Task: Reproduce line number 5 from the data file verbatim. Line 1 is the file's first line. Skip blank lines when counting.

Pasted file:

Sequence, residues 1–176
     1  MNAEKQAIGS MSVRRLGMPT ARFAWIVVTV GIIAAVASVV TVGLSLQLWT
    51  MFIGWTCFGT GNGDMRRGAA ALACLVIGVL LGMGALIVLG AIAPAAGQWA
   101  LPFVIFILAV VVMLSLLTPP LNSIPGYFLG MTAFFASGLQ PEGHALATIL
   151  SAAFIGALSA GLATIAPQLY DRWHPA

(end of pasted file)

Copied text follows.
   151  SAAFIGALSA GLATIAPQLY DRWHPA